• Oct 7, 2006
OK, maybe there is a good reason to move back to the Illinois. On October 4, the wonderfully insightful city of Naperville opened the gates to the country's first public-private automobile test track. The Test Track, built by the City of Naperville at a cost of $1.5 million, is to be used by 12 local automobile dealerships. It's located on a 9-acre piece of property near Aurora and Ogden Avenues, where many of the city's dealerships are located. The enclosed test-driving facility is illuminated for night operations and includes an asphalt track with the following features:
  • A 100-foot-long cobblestone surface to simulate driving on a
  • brick road.
  • A 10 percent hill climb incline intended to replicate driving on a
  • dirt road.
  • High bank testing area with a 10 percent cross slope.
  • Rough road testing on concrete pavement with embedded boulders.
  • Suburban driveway and curb comprised of standard concrete driveway.
  • Skid pad area consisting of asphalt pavement, irrigated so that it is constantly wet for wet braking tests.
  • Three security/Web cameras used to show activity on the track and allowing for live feeds to participating car dealers.
  • A simulated railroad crossing.
According to Naperville Mayor George Pradel, "The idea moves many of the customers who are test-driving vehicles off the streets and out of the nearby neighborhoods, thereby lessening congestion and increasing the safety of other motorists." Although the city owns the track facility, the dealers will chip in for its upkeep in exchange for access. We demand that every major city in America build one of these NOW. But let us play with the design a bit. A 1/4 mile drag strip, SOLO II autocross course, and a Nardo-length straightaway for top speed testing are conspicuously absent from the city of Napersville's design.

Thanks for the tip, Chris!

[Source: The City of Naperville]


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  • 21 Comments
      • 8 Years Ago
      I live pretty close by, too, but if you can't just go there to sling any car around, what's the point? If it's sponsored by dealerships, it's probably tailor-made to look a lot more demanding than it is.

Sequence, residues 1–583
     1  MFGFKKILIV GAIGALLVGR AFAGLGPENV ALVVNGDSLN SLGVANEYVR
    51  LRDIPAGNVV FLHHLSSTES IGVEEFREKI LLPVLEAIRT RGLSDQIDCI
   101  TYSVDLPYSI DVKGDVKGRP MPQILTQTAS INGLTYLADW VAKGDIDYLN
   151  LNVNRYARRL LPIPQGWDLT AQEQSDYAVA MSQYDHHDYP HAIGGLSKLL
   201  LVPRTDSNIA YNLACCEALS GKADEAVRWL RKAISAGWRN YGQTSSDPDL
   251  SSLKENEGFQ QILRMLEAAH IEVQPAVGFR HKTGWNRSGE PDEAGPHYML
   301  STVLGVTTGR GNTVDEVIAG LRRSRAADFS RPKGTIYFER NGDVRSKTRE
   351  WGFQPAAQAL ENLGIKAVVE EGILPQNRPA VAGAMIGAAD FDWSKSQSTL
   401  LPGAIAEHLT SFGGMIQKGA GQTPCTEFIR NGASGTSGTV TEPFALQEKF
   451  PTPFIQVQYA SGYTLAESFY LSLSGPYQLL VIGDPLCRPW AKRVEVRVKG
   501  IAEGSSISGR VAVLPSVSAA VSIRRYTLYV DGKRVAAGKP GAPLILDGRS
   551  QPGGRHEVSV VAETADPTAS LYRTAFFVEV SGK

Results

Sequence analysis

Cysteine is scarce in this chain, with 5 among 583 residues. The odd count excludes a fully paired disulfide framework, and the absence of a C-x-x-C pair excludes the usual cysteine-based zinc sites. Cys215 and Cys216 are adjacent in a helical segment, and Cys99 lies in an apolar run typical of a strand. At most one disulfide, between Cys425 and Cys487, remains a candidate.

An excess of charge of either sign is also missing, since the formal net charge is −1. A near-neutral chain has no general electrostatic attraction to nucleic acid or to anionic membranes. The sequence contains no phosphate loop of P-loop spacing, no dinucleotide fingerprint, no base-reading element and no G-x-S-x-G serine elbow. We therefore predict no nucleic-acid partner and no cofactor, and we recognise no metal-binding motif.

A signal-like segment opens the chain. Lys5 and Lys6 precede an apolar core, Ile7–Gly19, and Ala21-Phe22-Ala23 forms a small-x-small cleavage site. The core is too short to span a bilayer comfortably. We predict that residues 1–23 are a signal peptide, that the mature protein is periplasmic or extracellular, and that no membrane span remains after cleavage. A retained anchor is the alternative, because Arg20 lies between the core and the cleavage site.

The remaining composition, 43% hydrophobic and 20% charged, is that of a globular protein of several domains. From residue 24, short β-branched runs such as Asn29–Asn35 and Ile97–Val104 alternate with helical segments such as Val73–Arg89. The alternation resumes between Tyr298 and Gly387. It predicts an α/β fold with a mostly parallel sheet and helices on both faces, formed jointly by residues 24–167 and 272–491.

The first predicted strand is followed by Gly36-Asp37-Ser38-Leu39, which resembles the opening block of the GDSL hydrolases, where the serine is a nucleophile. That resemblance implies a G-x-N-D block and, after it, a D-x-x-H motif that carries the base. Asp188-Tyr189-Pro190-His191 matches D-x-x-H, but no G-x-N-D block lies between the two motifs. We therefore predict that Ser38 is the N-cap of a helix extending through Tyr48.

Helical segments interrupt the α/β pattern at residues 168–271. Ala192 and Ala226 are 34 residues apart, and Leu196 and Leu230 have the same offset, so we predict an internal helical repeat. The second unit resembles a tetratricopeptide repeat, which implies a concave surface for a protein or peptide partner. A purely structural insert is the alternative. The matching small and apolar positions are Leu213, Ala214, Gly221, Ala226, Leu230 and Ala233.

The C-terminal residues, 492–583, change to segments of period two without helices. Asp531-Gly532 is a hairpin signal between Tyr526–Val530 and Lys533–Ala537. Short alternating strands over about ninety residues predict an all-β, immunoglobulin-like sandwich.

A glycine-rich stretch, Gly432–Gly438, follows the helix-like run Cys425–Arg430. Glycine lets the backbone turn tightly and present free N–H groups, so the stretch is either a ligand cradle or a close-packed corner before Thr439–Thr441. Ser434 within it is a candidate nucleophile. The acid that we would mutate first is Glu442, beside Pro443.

This is just an attempt to make ordinary cars look capable.
      • 8 Years Ago
      ["I live pretty close by, too, but if you can't just go there to sling any car around, what's the point?"]
      I agree, this would be a great way for them to make some extra dough. Nonetheless, it is still a good idea. This could allow you to really test a car properly to make sure it does what you want/need and that there are no concerns at the limit.
      • 8 Years Ago
      This track is a great idea. I've taken a number of test drives from dealerships in the area and, prior to this, the usual test drive for the dealers included slinging cars through a long sweeping curve where there's been more than one car-curb collision and then onto RT 59 before heading back onto Ogden, both of which are usually very busy. Trying to find anything resembling the performance limits of a car on those streets is just asking for a ticket/accident. At least now we have a dedicated space for flogging a car.
      • 8 Years Ago
      Jesus, why in gods name would you want to take a test drive of a vehicle you're going to use on public roads on a private track? Hmm lets see, controlled enviroment, less chance of accidents with test drives, less cars (albeit it a small percentage) on a very busy road. Less complaints to the village from residential areas, which are locasted directly east of the dealerships.

      Having seen it in person, I can say it would be great for go karts! Give me stop and go traffic on Odgen avenue, the torn up roads on New York street and the highway speeds of I-88 for a real test drive.

      As for the dealers, there's at least 10 grouped together but not all of them are participating.

      Boy, you think I live close by. I do! and not everyone was for it.
      • 8 Years Ago